This Muslim basketball player is breaking stereotypes about hijabis everywhere

Scoring her future into the thousands, Bilqis Abdul-Qaadir hoops with her hijab to holding the Massachusetts state high school scoring record. As a young women of 24, she spirals to her natural passion and undeniable ability in the sport that she hasn’t left since the age of 3. “It was innate for me to play, as I grew up going to games,” Abdul- Qaadir says.

And it certainly was. It was her ability that outstanded those around her, and even herself. Her logical step from scoring the highest score record at High School led her to take this up to the professional level.

HAND OUT --- Indiana State University of former Sycamores player Bilqis Abdul-Qaadir. [Via MerlinFTP Drop]
HAND OUT — Indiana State University of former Sycamores player Bilqis Abdul-Qaadir. [Via MerlinFTP Drop]
But to Bilqis, her hijab was her identity, it is what defined her just like basketball did.  The Hijab is an apparel, a form of identity and action of modesty and nothing close to religious anonymity variably exercised by many in sports. But to Bilqis this had never seemed to be an issue: “Living life as [an] athlete allowed me to be able to conform to any environment,” she added. “Sports are so universal; wherever I went I fit right in regardless of my race, ethnicity or religion.” But so natural of a multi-cultural and diverse society to be accepted no matter what ethnicity. It seemed as though this very environment played no problem for her in her state; her hijab had no effect on those around her and they supported her because of her innate ability of playing great basketball.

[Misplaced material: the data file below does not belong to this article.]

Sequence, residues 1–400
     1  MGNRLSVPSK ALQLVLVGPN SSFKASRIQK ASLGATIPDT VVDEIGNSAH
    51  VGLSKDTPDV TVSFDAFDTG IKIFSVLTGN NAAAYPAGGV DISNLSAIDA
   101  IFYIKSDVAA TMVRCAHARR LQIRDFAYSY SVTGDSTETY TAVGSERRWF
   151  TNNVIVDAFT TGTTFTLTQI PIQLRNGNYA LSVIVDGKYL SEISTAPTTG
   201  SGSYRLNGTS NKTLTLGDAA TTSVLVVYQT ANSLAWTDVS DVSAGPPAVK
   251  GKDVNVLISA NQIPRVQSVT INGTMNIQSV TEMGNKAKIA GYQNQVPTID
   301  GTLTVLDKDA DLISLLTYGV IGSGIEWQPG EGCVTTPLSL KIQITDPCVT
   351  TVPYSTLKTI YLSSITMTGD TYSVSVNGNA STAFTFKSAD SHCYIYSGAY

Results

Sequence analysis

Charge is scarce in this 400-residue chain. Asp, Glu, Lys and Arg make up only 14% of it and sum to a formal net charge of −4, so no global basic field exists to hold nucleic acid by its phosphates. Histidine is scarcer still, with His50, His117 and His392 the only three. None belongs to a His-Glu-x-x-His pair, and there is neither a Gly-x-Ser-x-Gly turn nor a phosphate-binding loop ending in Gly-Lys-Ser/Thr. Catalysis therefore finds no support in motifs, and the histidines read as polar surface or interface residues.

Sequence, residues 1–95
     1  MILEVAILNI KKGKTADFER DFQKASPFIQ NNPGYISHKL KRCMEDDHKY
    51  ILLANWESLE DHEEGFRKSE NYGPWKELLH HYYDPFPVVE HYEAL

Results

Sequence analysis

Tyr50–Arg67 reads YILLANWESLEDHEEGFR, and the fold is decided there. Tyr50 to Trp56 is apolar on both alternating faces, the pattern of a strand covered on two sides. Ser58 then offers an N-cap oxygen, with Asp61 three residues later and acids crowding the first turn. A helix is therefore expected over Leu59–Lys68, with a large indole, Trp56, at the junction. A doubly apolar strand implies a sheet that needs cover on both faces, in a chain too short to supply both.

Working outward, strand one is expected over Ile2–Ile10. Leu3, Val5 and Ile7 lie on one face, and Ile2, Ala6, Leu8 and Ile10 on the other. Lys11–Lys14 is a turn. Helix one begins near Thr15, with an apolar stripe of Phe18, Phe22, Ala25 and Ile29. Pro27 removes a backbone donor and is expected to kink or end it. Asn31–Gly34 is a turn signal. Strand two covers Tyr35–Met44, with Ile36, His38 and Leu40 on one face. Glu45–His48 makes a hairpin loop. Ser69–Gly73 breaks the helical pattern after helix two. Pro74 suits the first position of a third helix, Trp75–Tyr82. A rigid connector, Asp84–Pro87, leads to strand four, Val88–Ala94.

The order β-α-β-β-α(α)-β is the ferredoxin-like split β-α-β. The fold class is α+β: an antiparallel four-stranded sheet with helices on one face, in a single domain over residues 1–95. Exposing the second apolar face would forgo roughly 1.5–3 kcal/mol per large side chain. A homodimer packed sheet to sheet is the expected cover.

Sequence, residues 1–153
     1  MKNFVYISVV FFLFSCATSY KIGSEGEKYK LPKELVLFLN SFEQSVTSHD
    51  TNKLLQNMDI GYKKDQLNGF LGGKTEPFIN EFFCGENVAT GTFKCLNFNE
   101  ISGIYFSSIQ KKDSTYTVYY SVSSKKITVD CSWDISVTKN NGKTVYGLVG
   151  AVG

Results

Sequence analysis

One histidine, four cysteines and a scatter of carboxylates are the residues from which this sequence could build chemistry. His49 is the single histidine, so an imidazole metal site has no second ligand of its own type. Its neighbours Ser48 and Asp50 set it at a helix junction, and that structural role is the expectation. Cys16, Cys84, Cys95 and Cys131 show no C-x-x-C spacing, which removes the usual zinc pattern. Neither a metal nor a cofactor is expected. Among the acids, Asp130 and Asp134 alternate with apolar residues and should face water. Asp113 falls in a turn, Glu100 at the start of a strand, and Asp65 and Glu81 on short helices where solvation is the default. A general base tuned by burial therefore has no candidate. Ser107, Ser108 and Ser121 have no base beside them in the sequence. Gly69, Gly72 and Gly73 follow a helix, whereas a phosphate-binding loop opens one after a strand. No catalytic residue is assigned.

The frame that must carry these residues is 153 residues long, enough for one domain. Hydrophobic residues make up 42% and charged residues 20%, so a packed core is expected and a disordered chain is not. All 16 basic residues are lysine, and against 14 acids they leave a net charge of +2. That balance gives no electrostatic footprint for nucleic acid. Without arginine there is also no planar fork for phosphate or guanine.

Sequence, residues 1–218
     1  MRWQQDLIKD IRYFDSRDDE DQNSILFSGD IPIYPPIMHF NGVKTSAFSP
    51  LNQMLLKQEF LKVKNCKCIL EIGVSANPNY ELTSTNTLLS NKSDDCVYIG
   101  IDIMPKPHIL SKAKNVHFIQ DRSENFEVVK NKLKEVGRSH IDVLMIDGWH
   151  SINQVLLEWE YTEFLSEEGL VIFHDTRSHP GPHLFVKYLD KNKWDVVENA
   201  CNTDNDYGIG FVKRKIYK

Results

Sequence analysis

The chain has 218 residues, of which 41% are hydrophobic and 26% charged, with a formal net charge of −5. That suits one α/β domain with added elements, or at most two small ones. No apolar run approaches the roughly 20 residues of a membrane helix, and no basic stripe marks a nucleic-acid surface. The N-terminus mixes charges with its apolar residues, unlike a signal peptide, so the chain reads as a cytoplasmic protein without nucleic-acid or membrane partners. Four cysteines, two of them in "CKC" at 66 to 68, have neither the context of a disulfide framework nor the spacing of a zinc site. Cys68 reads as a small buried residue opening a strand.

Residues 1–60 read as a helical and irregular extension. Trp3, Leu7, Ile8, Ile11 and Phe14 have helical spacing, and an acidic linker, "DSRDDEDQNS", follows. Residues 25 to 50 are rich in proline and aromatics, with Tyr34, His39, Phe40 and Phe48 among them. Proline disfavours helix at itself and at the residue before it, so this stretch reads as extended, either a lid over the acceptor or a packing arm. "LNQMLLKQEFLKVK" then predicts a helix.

With the FIBA — the international basketball’s governing body, things weren’t that easy. It did come to her attention that there were many issues with the way she had covered up especially if she were to play at a far more professional level. The mention of the unacceptance of headgear was a shock nonetheless.  “I kind of just cried once I found out,” Abdul-Qaadir says. “I didn’t even know if we could take action, trying to get the rule banned. At that point, I thought I couldn’t do anything about it.”

But with great support and the rising population of hijaabi sports players, FIBA had loosened much of their rules and regulation become more indirect in its wording. But it is undeniably true; the ability and the work of Bilqis is and will be phenomenal. Her ability to do what she loves without religion undermining her ability opens doors for development and success.

Written by Maariyaah Shaheen

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Maariyaah Shaheen is an academic and islamic studies student. She is the Founder of SisterHoodUK and runs Youth activities in her spare time. Aspiring to make a change, she's currently looking out for ways of improving her chocolate cake recipe and aiding the Ummah but not simultaneously. A dedicated #STEMinist (like a feminist but cooler).